1980s >> 1981 >> no-927-november-1981

Political Notes: ‘Socialism in one country’

‘Socialism in one country’ (Britain)
At some point in every Labour Party conference the spectre of Clause Four appears, usually in the shape of some motion reasserting the belief that wholesale nationalisation is socialism and that that is what the party is committed to because it will mean a better life for everyone in Britain.

 

Well it is never quite as joyous as that because Clause Four is an embarrassment now, especially to Labour MPs with thin majorities, who are conscious that they are sitting on anything but a mandate to convert the means of production, distribution and exchange into common property.

 

So when they are confronted, as they were at Brighton in September, with a motion asking them to do what in theory they exist for—to nationalise, among other things, the financial institutions—they experience confusion to the point of panic.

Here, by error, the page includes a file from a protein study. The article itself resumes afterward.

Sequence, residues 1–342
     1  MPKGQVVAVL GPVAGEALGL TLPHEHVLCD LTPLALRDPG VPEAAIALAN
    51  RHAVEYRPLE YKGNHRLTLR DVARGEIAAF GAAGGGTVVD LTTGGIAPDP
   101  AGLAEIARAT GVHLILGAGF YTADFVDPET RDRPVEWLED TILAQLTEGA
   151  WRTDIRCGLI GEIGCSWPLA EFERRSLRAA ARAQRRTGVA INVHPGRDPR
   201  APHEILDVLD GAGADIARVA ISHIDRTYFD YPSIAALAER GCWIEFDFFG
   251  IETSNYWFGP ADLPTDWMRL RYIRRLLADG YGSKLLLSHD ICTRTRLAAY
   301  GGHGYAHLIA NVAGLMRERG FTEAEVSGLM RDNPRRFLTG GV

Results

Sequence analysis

One union opposed the motion because it has a lot of members in the insurance industry; another did so because it feared the effect nationalisation might have on the union’s pension funds and investments.

 

At some stage somebody might like to explain why Labour Party members have any hesitation in unanimously acclaiming all motions in favour of nationalisation. They might also consider why they are in an organisation with interests which are opposed to the very policies it is supposed to support.

 

The answer to these difficulties is very simple. Nationalisation is not socialism; it is simply the state taking over an industry which was previously owned directly by private shareholders. Banks, investment houses, building societies, insurance companies and the like—state-owned or not—are a necessary part of capitalism; socialism, in contrast, will be a moneyless society in which wealth will not be exchanged and in which, therefore, there will be no means of exchange.

 

Were every item of Labour Party policy implemented tomorrow, the capitalist system would remain untouched. Socialism cannot exist in just one country. Its coming is delayed by the confusion and the deceit of the Labour Party.

 

‘Socialism in one country’ (Russia)